As you ponder which website design technique you’ll use as a beginner to website design, please keep in mind that as you get better and better at your craft, you’ll most likely want to switch over to the CSS box model for its power and flexibility. If you just want a quick and easy website, then using a WYSIWYG visual editor with the table-based layout will get the job done to simple satisfaction.

Further reading:

Here are some posts that will held explain a little bit more of my recommended web design technique, the CSS box model:

CSS – Cascading Style Sheets
Boxes – The building blocks of websites

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5 Responses:

  1. Deano Power

    Great article David. This is the clearest explanation I have read on tables vs css. I sit on the css side of the fence for mostly everthing, but yes there is a learning curve. Deano

  2. Eric

    I’ve been designing with tables for about a year. If CSS is that much better then I’d better start learning it.

    Thanks for the lesson. :)

  3. Joe

    I’ve been designing web sites since about 1993 and I’m still on the fence about totally discarding tables in my designs.

    Though using CSS has its advantages, when it comes to displaying large images, slicing them up and putting them in a table enables you to keep file sizes small for faster downloading. I suppose you could use the same slices in CSS boxes with absolute positioning, but I don’t see where that reduces the bulk in your code. Instead of table cells cluttering things up, you now have a plethora of tags cluttering things up.

    Tables have been used successfully for many years now, and though I will begin using all CSS to keep up with the modern standards, I guess it’s one of those things where I feel if it wasn’t broke, don’t fix it!

  4. Joe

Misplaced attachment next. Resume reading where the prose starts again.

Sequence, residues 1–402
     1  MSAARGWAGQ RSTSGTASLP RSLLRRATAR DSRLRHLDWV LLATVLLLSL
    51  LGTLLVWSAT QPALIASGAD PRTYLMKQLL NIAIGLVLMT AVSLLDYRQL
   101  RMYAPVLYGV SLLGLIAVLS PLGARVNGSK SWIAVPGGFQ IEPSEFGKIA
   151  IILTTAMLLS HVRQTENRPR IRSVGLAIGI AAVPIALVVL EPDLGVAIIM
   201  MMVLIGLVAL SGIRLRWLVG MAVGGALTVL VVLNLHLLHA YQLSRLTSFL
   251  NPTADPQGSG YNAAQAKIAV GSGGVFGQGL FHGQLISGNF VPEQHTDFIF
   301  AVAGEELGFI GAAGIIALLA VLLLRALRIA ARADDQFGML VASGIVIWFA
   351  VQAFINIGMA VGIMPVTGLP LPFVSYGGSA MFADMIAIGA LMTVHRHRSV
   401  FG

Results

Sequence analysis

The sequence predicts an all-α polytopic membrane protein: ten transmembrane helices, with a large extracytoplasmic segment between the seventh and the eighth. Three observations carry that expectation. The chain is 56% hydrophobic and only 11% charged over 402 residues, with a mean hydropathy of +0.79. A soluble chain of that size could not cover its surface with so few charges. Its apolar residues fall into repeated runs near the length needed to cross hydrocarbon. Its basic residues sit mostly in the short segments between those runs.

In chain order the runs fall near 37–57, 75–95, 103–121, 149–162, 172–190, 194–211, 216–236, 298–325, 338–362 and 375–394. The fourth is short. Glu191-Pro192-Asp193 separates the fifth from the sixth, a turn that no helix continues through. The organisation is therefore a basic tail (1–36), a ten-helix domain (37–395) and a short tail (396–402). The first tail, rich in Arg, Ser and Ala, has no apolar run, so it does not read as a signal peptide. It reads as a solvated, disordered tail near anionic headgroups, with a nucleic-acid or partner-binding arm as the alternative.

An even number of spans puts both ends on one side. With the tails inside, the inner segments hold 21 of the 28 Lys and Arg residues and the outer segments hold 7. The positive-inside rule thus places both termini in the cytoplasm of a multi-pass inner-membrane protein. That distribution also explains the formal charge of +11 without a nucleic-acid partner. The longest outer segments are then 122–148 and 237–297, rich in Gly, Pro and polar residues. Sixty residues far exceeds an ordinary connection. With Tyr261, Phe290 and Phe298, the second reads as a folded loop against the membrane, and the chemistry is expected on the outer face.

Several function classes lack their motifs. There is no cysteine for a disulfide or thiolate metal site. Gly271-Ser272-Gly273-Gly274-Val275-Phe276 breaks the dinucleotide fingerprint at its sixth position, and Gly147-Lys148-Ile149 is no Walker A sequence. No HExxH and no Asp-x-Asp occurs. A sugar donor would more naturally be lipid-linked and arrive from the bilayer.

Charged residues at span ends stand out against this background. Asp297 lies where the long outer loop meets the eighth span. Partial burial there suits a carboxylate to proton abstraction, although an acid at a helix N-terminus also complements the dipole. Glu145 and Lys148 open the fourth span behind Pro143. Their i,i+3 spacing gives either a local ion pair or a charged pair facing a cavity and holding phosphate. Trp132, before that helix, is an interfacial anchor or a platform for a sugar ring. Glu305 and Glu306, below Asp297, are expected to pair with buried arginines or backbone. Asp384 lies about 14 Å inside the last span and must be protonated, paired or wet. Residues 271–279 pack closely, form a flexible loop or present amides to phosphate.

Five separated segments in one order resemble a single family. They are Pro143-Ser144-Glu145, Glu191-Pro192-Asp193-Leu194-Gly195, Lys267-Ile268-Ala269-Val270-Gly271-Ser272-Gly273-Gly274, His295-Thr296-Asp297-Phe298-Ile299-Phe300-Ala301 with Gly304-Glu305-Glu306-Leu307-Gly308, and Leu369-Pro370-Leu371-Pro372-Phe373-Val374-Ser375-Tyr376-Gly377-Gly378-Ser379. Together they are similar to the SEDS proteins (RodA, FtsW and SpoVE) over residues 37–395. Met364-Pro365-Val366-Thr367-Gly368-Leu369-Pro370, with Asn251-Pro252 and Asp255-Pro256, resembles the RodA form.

“…you now have a plethora of tags cluttering things up.”
    Should read: you now have a plethora of DIV tags cluttering things up.

  5. David R - Admin


    Thanks for your comment and the issues you have brought up concerning tables vs. CSS. You’ve inspired me to write a new post that goes more into detail.

    I used tables for years before I finally made the switch to CSS. I noticed immediately that my sites had far less mark up and were much easier to update since the whole layout was controlled through one CSS style sheet.

    It might seem like the tags used for tables would just be replaced by div tags, but you actually need far fewer div tags to accomplish the same feat. In addition, these div tags have much more power when it comes to altering the appearance of the site.

    Until I write the post concerning this, take a look at the source code for my design studio website:


    It is extremely clean, fast loading, and completely controlled by an external CSS file making it a snap to update or even completely redesign. Speaking of which, the site is in its 6th redesign and I’ve only had to change the images in Photoshop and the CSS file. Each web page was never even touched.

    That site only has 6 pages. But even if it had 60+ pages (which some of my clients have) the redesign would only occur in Photoshop and in the CSS file.

    I’m not bad-mouthing tables. I still use them from time to time. It’s just that I’ve found CSS to be easier and more powerful for what I need to accomplish.

    Thanks again!